Lecture – Methodology and Structure
In this seminar, we explore issues related to methodology, research design and the structure of the dissertation. We look into the assumptions that ground your choice for a particular research design and structure and we return once again to questions relating to the aims and structure of the dissertation proposal. This seminar will be available to students on Listen Again.
Library workshop – How to find literature for your dissertation
This will be an interactive session with our librarian who will be introducing you to the different library tools and resources, explaining to you the benefits of subject guides and helping you to start organizing your literature search for your dissertation.
Lecture - Being Critical
One of the main purposes of the dissertation is to enable you to critically evaluate resources and evidence. In this seminar, we will demonstrate how you can approach the existing literature with a critical eye and how to further develop the ideas and structure presented in your proposal. This seminar will be available to students on Listen Again.
Lecture --Drafting & Revision
In this session we go over the main topics discussed in the course and apply them to your research questions and ideas. We also aim to go over some techniques of drafting and revising your drafts and some possible research designs for your research questions.
This module will be taught via one workshop (summer term), five lectures and one library workshop (autumn and spring term) designed to accompany students during the process of choosing and researching a topic of their choice. In addition to these, there will be three 30-minute supervision meetings with a named member of staff to monitor progress and offer support.
This module does not appear to have a published bibliography for this year.
Assessment items, weightings and deadlines
|Coursework / exam
Exam format definitions
- Remote, open book: Your exam will take place remotely via an online learning platform. You may refer to any physical or electronic materials during the exam.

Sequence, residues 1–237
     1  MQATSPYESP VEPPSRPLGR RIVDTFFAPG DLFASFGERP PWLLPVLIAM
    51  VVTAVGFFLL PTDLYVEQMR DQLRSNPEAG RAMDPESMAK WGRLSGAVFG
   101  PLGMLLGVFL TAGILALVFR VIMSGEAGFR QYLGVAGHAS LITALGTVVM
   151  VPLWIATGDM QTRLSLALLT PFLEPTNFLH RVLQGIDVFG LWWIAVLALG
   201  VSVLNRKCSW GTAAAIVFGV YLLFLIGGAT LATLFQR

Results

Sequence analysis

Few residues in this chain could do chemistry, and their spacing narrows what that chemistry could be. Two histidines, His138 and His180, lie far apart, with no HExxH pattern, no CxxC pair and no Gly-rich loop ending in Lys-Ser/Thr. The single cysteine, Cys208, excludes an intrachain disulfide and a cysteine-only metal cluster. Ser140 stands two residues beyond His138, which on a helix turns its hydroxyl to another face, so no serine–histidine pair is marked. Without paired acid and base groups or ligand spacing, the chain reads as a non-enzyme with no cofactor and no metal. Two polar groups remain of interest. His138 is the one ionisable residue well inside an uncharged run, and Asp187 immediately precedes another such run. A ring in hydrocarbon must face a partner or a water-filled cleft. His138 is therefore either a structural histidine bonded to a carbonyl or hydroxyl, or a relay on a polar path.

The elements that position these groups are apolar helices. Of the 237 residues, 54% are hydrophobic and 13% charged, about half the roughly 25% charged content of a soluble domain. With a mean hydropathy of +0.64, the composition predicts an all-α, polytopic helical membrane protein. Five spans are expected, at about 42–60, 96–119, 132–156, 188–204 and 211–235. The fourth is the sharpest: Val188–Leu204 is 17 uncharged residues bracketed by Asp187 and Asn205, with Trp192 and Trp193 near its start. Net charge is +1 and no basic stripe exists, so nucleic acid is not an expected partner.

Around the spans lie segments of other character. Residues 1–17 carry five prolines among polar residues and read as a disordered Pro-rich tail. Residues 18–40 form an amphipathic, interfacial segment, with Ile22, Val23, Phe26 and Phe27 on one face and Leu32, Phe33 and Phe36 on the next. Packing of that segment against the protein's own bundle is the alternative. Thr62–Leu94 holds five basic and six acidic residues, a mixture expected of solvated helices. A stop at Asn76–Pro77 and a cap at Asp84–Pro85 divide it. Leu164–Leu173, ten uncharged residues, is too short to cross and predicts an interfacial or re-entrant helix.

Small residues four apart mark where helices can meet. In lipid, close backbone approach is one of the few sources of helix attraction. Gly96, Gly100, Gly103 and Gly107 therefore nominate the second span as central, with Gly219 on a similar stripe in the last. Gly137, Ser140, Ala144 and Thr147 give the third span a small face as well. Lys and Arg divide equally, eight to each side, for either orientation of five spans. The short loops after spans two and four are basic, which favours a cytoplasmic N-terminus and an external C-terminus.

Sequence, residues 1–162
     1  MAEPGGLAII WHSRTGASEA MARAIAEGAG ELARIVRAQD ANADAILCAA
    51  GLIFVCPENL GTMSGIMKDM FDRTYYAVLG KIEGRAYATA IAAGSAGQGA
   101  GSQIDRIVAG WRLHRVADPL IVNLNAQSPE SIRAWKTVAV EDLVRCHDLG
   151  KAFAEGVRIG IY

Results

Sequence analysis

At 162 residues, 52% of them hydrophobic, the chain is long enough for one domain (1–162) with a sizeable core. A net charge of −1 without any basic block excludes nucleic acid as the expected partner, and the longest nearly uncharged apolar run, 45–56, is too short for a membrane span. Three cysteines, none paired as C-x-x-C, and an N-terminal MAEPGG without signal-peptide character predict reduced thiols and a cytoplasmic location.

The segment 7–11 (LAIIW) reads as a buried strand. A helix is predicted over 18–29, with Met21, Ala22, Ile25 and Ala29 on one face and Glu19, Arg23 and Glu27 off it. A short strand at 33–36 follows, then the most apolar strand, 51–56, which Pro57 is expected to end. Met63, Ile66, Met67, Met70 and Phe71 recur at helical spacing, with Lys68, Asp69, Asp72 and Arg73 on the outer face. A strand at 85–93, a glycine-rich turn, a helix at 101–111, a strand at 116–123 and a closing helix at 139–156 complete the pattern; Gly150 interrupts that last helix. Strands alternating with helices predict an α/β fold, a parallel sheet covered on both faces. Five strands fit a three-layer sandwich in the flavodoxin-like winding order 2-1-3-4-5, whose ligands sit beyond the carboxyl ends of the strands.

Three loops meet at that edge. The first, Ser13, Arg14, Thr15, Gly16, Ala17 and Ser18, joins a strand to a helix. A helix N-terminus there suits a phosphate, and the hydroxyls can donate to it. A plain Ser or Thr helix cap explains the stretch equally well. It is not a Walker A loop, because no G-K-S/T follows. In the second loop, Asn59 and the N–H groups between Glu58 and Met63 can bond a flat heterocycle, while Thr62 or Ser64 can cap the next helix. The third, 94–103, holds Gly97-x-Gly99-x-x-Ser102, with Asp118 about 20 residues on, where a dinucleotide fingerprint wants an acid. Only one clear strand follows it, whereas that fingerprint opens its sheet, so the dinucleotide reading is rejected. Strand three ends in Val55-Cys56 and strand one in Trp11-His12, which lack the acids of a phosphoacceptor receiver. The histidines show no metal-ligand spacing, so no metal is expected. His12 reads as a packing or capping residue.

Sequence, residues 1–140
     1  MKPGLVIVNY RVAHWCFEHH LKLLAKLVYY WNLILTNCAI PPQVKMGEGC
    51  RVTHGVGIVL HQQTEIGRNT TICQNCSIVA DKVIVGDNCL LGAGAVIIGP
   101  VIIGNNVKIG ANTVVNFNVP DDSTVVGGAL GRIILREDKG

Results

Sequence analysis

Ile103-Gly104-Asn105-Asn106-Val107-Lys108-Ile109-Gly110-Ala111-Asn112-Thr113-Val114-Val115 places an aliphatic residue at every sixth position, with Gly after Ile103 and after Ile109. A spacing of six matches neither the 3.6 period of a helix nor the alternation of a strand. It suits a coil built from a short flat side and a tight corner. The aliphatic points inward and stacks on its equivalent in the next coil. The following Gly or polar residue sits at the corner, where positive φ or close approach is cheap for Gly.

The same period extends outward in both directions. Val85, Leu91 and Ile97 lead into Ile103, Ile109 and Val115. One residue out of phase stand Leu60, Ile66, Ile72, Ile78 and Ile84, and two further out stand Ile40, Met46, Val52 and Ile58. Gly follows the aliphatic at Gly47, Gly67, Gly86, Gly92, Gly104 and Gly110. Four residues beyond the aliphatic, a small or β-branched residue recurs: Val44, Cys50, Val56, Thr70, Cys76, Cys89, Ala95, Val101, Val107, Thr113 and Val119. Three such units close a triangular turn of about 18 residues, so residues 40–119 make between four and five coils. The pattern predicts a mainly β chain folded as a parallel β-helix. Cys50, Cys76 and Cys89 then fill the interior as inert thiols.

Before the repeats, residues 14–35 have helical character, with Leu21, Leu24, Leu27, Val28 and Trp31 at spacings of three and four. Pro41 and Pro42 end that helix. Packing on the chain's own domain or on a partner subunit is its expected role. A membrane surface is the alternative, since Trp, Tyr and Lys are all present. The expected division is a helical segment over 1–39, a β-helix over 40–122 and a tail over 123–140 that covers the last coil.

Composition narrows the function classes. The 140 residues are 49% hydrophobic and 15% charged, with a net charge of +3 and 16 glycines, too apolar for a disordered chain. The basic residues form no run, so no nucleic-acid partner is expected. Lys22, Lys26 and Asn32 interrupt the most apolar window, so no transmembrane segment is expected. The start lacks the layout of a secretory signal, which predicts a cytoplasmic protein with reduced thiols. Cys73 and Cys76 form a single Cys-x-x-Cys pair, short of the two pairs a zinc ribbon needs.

- In-person, open book: Your exam will take place on campus under invigilation. You may refer to any physical materials such as paper study notes or a textbook during the exam. Electronic devices may not be used in the exam.
- In-person, open book (restricted): The exam will take place on campus under invigilation. You may refer only to specific physical materials such as a named textbook during the exam. Permitted materials will be specified by your department. Electronic devices may not be used in the exam.
- In-person, closed book: The exam will take place on campus under invigilation. You may not refer to any physical materials or electronic devices during the exam. There may be times when a paper dictionary,
for example, may be permitted in an otherwise closed book exam. Any exceptions will be specified by your department.
Your department will provide further guidance before your exams.
Module supervisor and teaching staff
Dr Magda-Agata Schmukalla, email: firstname.lastname@example.org.
Dr Magda-Agata Schmukalla
Student Administrator 5A.202, telephone 01206 874969; email email@example.com
Student Administrator 5A.202, telephone 01206 874969; email firstname.lastname@example.org
Student Administrator Room 5A.202, email email@example.com, telephone 01206 874969
Dr Anthony John Faramelli
Lecturer in Visual Cultures
Prof Heather Montgomery
The Open University
Professor of Anthropology and Childhood
Dr Angie Voela
University of East London
Available via Moodle
Of 6 hours, 6 (100%) hours available to students:
0 hours not recorded due to service coverage or fault;
0 hours not recorded due to opt-out by lecturer(s), module, or event type.